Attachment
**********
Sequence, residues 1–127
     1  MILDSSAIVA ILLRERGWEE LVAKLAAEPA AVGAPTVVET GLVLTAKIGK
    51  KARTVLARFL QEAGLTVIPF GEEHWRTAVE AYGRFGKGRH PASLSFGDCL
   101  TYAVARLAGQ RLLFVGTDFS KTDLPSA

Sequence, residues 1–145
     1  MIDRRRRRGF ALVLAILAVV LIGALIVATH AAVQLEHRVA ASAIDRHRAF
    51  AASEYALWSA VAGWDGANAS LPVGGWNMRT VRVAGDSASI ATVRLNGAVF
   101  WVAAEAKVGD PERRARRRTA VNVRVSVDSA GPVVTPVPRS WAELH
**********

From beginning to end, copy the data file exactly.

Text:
Sequence, residues 1–127
     1  MILDSSAIVA ILLRERGWEE LVAKLAAEPA AVGAPTVVET GLVLTAKIGK
    51  KARTVLARFL QEAGLTVIPF GEEHWRTAVE AYGRFGKGRH PASLSFGDCL
   101  TYAVARLAGQ RLLFVGTDFS KTDLPSA

Sequence, residues 1–145
     1  MIDRRRRRGF ALVLAILAVV LIGALIVATH AAVQLEHRVA ASAIDRHRAF
    51  AASEYALWSA VAGWDGANAS LPVGGWNMRT VRVAGDSASI ATVRLNGAVF
   101  WVAAEAKVGD PERRARRRTA VNVRVSVDSA GPVVTPVPRS WAELH